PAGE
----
States commissioner on a charge of pe
onage Saturday and bound over for
The plantation employs a force of
1000 Italians and Spaniards and Crit
tendon is accused of holding the former
The evidence on which the arrest
was made was gathered by Mrs. Mary-
Grace Quackenbos, a New York woman
lawyer, who has been aiding the in
quiry as a special assistant in the
United States justice department.
RANCH IS SOLD
GEORGE DAGUE PURCHASES
LARGE FARM IN DRY CREEK
COUNTRY FOR $32,000.
Mrs. Sargent Smith has sold the old
Sargent Smith place of 800 acres to
George Dague, of Dry Creek for $32,-
'l'h»' Sargent Smith place, which is
one of the oldest farms in the valley,
was taken up by Mr. Smith in the
early sixties, after he had crossed the
plains. It has become famous through
litigation, but contestants never suc
ceeded in wresting the land from its
original owner. Smith farmed the land
up to the time of his death a few years
ago and his widow has continued to
live on the place and supervise its ac
tivities until Saturday when the deal
was made transferring the land to a
neighbor, George Dague, a well known
farmer of the Dry Creek country.
The place is one of the most valu
able ones in the valley and the price
paid is considered but a fair remune
ration for the ranch.
ONLY 11 SEVERE REPRIMAND
WAS THE PUNISHMENT OF LOUIS
. CARRYING WEAPON.
A severe reprimand was the medicine
of justice administered Saturday after
noon by Judge Huffman to Louis Coch
ran, the 17-year-old youth who was
arrested Friday afternoon ox. the
charge of carrying concealed weapons.
As an excuse for carrying the large
38 caliber Smith & Wesson revolver,
young Cochran says that he accidental
ly kicked one of his companions dur
ing a football game and that several
of the bays "had it in for him." He
did no: say. however, that fte intended
to i ngage In the high art of killing, but
merely carried the gun for protection.
After due consideration Jydge Huff- j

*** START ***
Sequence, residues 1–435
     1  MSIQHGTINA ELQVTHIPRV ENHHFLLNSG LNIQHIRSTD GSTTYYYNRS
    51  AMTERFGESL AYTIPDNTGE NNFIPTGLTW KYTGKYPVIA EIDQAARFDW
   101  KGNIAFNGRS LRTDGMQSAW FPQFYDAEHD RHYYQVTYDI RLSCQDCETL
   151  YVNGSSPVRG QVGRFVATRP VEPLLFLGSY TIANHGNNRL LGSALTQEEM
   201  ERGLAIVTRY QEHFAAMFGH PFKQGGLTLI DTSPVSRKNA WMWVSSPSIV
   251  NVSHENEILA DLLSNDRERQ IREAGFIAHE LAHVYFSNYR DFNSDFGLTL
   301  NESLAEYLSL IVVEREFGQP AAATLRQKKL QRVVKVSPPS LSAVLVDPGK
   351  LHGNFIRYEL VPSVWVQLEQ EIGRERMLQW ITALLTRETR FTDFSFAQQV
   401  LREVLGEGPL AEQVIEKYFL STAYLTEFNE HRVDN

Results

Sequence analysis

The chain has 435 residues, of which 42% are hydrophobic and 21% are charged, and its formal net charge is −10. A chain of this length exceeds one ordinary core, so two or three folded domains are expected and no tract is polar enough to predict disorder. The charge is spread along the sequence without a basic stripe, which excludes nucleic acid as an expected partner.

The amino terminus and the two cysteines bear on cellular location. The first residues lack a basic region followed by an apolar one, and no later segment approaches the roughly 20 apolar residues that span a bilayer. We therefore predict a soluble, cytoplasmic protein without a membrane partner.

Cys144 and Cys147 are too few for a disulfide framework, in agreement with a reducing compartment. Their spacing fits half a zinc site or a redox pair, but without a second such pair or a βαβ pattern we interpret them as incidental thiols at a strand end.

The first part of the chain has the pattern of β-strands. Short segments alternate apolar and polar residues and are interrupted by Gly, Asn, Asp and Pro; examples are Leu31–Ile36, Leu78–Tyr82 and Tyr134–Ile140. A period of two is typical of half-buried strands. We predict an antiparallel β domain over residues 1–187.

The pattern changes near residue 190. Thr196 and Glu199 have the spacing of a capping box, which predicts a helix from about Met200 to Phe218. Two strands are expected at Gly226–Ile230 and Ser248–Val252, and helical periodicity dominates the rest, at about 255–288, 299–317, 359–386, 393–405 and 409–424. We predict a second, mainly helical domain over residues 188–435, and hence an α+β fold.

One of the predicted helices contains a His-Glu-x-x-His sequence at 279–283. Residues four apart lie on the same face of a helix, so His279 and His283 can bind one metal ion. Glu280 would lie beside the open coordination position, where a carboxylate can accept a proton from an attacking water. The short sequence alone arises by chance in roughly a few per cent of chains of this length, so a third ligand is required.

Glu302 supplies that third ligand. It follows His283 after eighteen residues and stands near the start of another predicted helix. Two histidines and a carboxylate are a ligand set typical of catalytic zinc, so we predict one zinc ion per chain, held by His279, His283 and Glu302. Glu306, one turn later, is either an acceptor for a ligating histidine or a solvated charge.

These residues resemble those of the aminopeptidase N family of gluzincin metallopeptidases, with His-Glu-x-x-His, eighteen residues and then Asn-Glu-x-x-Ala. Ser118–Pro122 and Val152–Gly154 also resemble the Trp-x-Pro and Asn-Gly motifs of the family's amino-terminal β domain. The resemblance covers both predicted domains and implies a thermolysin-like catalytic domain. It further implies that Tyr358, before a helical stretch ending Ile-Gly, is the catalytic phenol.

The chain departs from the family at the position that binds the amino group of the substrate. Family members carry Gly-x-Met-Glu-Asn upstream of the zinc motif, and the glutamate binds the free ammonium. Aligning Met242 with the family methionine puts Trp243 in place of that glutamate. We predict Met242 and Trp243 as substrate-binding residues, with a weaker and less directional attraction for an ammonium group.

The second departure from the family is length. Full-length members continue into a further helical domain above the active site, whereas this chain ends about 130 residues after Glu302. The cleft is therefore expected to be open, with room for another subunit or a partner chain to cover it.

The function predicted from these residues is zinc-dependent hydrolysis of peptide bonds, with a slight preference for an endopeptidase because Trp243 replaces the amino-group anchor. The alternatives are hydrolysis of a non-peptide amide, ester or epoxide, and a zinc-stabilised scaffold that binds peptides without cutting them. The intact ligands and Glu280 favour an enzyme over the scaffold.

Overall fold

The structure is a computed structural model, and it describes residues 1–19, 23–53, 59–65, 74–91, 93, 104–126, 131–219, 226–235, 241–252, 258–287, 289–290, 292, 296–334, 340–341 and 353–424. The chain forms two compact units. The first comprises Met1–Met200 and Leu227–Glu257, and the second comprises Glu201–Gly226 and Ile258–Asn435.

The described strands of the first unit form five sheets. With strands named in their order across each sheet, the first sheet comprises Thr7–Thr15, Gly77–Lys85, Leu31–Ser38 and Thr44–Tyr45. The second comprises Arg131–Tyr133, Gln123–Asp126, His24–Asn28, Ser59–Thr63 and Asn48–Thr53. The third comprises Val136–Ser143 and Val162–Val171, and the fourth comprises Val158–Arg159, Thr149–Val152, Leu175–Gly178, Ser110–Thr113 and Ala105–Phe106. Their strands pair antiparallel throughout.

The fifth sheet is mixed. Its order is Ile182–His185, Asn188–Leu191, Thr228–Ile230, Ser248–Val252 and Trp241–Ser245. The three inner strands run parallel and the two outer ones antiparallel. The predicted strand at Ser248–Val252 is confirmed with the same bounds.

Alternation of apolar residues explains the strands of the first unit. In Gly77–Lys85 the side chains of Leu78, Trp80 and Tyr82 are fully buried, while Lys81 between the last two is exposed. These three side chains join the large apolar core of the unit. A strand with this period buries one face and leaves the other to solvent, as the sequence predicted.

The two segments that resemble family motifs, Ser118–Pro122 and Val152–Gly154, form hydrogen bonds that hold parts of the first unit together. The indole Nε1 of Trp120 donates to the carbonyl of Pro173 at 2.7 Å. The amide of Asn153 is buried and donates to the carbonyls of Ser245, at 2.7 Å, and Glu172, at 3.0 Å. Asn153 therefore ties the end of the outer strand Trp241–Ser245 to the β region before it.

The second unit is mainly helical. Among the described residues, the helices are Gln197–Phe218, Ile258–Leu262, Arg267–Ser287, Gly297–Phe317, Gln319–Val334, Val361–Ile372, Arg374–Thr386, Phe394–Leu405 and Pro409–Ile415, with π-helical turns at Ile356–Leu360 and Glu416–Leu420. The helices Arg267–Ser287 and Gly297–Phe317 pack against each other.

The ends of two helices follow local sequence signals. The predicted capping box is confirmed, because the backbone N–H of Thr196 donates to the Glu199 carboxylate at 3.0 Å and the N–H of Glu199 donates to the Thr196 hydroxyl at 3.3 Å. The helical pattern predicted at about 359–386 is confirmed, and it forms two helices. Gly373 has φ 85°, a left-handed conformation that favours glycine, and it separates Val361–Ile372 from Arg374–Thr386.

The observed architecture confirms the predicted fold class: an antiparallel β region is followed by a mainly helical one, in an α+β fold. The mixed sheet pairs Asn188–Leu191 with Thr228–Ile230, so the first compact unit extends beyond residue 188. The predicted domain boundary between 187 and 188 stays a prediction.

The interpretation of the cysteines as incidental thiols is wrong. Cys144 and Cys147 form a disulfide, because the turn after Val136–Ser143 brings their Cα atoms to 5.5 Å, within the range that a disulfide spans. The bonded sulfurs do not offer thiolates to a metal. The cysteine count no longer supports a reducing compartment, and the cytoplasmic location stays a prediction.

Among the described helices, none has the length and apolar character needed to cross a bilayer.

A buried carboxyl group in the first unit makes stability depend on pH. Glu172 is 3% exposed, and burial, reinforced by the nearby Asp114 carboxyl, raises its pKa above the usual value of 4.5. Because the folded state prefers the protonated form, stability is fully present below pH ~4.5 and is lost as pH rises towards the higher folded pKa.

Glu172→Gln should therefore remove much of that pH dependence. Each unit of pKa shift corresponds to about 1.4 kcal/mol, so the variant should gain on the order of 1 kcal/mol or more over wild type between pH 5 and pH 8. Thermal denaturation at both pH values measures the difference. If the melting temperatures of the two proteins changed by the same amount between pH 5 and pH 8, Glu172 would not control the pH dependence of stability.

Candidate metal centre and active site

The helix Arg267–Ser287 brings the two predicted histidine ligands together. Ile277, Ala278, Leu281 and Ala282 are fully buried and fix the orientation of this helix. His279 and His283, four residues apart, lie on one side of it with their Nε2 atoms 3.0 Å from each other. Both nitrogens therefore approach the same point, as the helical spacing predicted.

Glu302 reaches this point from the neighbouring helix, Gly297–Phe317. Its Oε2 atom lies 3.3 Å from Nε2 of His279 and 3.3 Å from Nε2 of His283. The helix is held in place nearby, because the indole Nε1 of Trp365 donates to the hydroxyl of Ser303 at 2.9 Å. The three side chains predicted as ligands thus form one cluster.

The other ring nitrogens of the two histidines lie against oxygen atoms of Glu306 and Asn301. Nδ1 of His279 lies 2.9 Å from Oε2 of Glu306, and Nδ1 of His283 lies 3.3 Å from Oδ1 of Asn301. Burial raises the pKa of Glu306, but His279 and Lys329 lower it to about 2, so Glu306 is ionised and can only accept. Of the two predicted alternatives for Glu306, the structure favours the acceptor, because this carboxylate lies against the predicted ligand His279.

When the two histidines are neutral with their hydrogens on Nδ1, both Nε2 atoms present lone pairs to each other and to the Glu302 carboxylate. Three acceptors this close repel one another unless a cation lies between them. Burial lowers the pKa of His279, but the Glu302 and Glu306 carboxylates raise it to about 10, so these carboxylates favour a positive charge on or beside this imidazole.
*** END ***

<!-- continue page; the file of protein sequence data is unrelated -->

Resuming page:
man came to the conclusion that the
boy was not of desperate character,
and after administering-a severe repri
mand, the youthful charge was re
HARRIMAN TO ESCAPE
WASHINGTON. Oct. 28.—There >s
very good authority 'for the statement
that no criminal prosecution of E. H.
Harriman will develop out of the cases
of rebating uncovered at the recent in
vestigation by the interstate commerce
commission into Southern Pacific af
fairs at San Francisco.
When the reports of the investigation
were first published, showing that sev
eral cases of rebating had been estab
lished, some <>f which were in inter
state business and therefore violations
of the Hepburn law. it was believed
here that efforts would be made to fas
ten a case upon Harriman.
It can be stated, however, on the
best authority, that no evidence was
brought out to show that Harriman
had personal knowledge of what had
been done by some of his subordinates
in the Southern Pacific. There is cvi-_
dence against some of the lesser offi
cials of the Southern Pacific which
probably will result in proscutions
1 The Hepburn law makes it a peni
tentiary offense for an officer, director,
agent or employe of a railroad to grant
rebates or suffer them to be granted
Bu - in order to proceed successful
against such an official it would have
to be shown that he had personal
knowledge of what was going on
The question of the action to be
,he Southern- 1 nion
e-iken regarding w .